Saturday, January 5, 2013

January 4: Easy Goin' Day

Black-capped Chickadee peeking in my window waiting for mealworms
You there?
The main thrust of my Conservation Big Year is to see, photograph, and write about as many birds as I can, focusing primarily on species of conservation concern while enjoying everything else out there as well. And I'll be most intent on visiting places that I consider especially significant in terms of conservation. But how I do all this birding is equally important. I don't have the money, time, or energy to race about the countryside every day. To maintain my resources and stay excited all year, I'm trying to pace myself. But even on "down days," I want to be mindful of every bird I encounter, and to enjoy all the birds around me. One of my goals is to get into the habit of reporting my sightings to eBird. Even though my day total today was a mere 8 species, I posted my checklist on eBird, meaning I had to make a complete count or as accurate an estimate of the number of each species as possible. And another goal is to have fun no matter what I'm seeing. That's easy when I'm home! My chickadees persistently come to my hand for mealworms. Chickadee flocks wander about a fairly large area all day, returning to favorite feeding spots repeatedly. When they arrive in my yard, one or two will come to the box elder right out the second story window by my desk. One in particular often alights on the windowsill to give me a long, hard stare if I don't instantly jump up to feed them. When I'm downstairs in the dining room, I notice that that one or another sometimes hovers and looks in at us, too. I've never seen a chickadee do this at any window of any other house in my neighborhood, and am absolutely certain that they realize this is the one house that contains a trained human with a supply of mealworms.
Black-capped Chickadee peeking in my window waiting for mealworms
Yes, I'm talking to YOU!
  In the hand, I can feel that some chickadees are noticeably heavier than others. One is shyer than the rest. At first that one would flutter over my hand for several passes before alighting, and often just give up and head to a feeder instead. Now it's consistently alighting on my hand, but if I move even a tiny bit, it vanishes! Most of them grab and mealworm and fly off, but one often starts eating right there. I don't know if I find it more sweet that it trusts me so much or more yucky, because after that one comes, I have to go wash a goopy mess of mealworm innards off my hand. By their interactions, I can tell which are ranked higher or lower in the flock's hierarchy. Assuming it's always the same one alighting on the window (they're not color-banded, so I have no way of being certain), that one seems to be in about the middle of the flock hierarchy. When it's the only one there, it races to my hand the moment I crack open the window. But when other chickadees are about, it sits in a nearby branch while one or two come to my hand first. Now that it's January, any discord in establishing the flock hierarchy has been settled, and I virtually never hear the gargle call or other signals that one is taking its turn before higher-ranking ones. A pair of White-breasted Nuthatches and at least four Red-breasted Nuthatches are often about, and they can't help but notice what the chickadees are up to. They're much more skittish around me than the chickadees are. At least two Red-breasted Nuthatches have come to my hand, but not reliably--they are more likely to watch for several minutes and make a couple of passes but then give up. One day a White-breasted Nuthatch alighted, but not since, even though a male and female are often within 6 or 8 feet watching as the chickadees feed.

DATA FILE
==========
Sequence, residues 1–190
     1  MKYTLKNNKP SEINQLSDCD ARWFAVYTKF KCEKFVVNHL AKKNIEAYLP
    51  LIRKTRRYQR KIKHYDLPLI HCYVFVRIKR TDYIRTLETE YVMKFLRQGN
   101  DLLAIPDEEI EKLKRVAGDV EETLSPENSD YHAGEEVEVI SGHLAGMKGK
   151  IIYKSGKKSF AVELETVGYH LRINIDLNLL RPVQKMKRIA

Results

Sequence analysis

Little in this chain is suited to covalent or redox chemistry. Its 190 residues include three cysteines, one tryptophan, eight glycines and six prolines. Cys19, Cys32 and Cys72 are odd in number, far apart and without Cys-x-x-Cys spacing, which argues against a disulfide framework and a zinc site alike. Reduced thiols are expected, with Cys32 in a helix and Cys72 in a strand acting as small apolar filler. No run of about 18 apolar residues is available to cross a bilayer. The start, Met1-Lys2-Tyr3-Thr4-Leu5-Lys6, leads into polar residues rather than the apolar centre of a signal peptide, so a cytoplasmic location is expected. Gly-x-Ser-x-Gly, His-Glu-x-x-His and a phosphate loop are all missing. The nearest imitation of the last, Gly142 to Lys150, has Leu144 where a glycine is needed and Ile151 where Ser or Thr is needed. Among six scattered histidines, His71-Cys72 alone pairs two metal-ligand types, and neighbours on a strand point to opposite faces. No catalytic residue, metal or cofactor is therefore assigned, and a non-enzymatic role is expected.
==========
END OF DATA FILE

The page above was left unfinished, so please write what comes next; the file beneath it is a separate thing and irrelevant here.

Boo Boo the Gray Squirrel
Boo Boo
 Birds aren't the only things I notice out there. My yard still has several gray squirrels. I watch out for one individual in particular--she has a nasty bald patch on her back that is apparently ringworm. It's not been growing, but during the most frigid days I've been concerned about exposure and frostbite, so when I see her, I make sure she has a peanut, walnut, or other nice morsel--Russ bought me a bag of mixed nuts especially for her. White she's eating, or when she's resting on a high branch in a patch of sunshine she keeps her tail over her back, providing some protection, so I'm hoping my looking out for her will help her recover. I've seen red squirrels, white-tailed deer, and even a Norway rat so far, but fortunately none in my own neighborhood.

Totals for day:

Species: 8
New: 0
Miles: 0


  1. Laura, it sounds like you have the same yard birds as I do, the chickadees come with the white-breasted nuthatch and the red-breasted nuthatches come with a Downy. Then lately, all four at the same time!

  2. Boo Boo the squirrel brings back memories of a neighborhood squirrel that hung out here when I was a kid. We called him Tuffy, and he had a notch bitten out of his ear from fighting with the other squirrels, trying to keep them off of 'his' property. He would eat peanuts outta our ears, mouth, noses, pockets, and peanut butter off a lid nailed to our front porch. Loved that squirrel!